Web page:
I sat for six hours at the Oregon Authors table at the Lane County Fair. I had company.
Bob Welch - newspaper columnist. Everybody who walked up to the table knew who he was.
Dorcas Smucker - a Mennonite Erma Bombeck, Dorcas also has a regular column in the town newspaper. Everybody who walked up to the table knew who she was.
Two other regionally well-known writers also had table space: Bob Blakely writes historical non-fiction about Oregon, especially sports. Bill Sullivan has dozens of books out about every hiking trail in the state.
I also sat next to Carola Dunn. She does not write a newspaper column. She writes cozy mysteries set in the 20's in England. Her Daisy Dalrympel is related by ink and blood to Miss Marple. Carola has 51 books in print. Her new book comes out in September, and her last book is going to paperback this month.
Yet, here she was, sitting next to me. Every time a person wandered by, she piped up "Do you read mysteries?" She got quite a few hits with that line.
Looking at her books lined up in front of her (she took twice the space as I did), then looking at my four (two published the "regular" way, and two self-pubbed), I tried to figure out how to get somebody to stop and look. If they looked at all, I sent out the telepathic message: Go ahead, pick up the book!
I let the covers for my scifi and two fantasies speak for themselves. Obvious what they were. But my "Stories about my father growing up in West Texas during the Depression Era, but it’s not depressing," was just a tad too long to grab the attention of the browser. Carola was already asking them if they read mysteries long before I finished the sentence.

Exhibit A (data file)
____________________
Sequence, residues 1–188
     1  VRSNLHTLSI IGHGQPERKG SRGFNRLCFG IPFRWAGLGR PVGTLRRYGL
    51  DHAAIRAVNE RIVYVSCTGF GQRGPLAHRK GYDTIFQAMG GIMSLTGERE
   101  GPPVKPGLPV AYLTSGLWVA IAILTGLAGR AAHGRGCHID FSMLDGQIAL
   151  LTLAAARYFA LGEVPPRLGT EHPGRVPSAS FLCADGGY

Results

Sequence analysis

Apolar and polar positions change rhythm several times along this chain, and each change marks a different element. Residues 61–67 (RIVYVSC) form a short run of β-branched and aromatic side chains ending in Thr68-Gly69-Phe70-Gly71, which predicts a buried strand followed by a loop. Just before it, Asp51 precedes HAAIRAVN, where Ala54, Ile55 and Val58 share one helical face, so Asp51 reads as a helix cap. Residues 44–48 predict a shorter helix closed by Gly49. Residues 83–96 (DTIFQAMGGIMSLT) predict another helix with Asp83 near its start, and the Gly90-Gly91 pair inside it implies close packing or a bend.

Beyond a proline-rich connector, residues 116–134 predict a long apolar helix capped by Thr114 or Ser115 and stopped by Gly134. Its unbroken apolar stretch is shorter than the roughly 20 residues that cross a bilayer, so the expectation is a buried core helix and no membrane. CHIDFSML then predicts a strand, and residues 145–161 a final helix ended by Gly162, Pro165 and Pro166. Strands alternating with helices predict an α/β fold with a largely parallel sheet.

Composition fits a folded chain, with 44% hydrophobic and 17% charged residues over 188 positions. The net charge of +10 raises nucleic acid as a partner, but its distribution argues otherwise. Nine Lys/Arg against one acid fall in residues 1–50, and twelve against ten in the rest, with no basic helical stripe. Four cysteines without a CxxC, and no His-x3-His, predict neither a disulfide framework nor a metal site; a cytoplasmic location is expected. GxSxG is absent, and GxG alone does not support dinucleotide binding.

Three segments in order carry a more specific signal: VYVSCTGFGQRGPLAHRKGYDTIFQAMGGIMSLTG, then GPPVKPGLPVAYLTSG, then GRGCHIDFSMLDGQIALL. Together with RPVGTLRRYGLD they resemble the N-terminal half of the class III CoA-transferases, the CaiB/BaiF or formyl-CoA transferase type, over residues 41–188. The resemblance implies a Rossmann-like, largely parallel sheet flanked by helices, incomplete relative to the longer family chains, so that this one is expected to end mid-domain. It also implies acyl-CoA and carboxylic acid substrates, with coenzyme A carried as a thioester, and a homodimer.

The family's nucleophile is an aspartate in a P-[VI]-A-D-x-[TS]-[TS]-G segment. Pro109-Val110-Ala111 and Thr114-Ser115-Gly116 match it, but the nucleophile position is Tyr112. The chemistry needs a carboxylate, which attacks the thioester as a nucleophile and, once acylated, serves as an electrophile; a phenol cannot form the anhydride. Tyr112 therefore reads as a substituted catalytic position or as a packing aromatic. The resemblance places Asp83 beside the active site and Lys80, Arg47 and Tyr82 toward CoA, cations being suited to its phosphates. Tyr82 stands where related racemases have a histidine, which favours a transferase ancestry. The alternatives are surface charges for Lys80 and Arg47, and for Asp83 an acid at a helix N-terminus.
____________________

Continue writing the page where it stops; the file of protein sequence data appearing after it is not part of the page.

I had plenty of time to ponder the life of a writer, and had a good look at several successful writers. What were they doing, sitting at an authors’ table at a county fair, pitching their works to passersby like carnival barkers? Didn’t having a big name publisher do enough for sales, that these folks felt compelled to sell their own books at a very non-bookish venue like a county fair? Apparently not.
An agent blogged the question "When to Hire a Publicist?" The answer "Maybe never because the writer will really do all the selling." Gee, I thought I was a writer, but apparently I’m also supposed to be a marketing person with a bubbly, outgoing personality, with buns of steel so you can sit at signing tables (like the one at the Fair) for hours on end without going to the bathroom. So, shy writers just give up now. Even if you get a publisher, you won’t get sales unless you’re a salesperson.
So what happened to the maxim that the money flows from the publisher to the writer? Apparently, the money flows from the writer, but it flows after the book is published. Travel, entrance fees to events (can you believe they charged vendors to get into the fair!?!?), conferences, a publicist. And the agent gets paid first.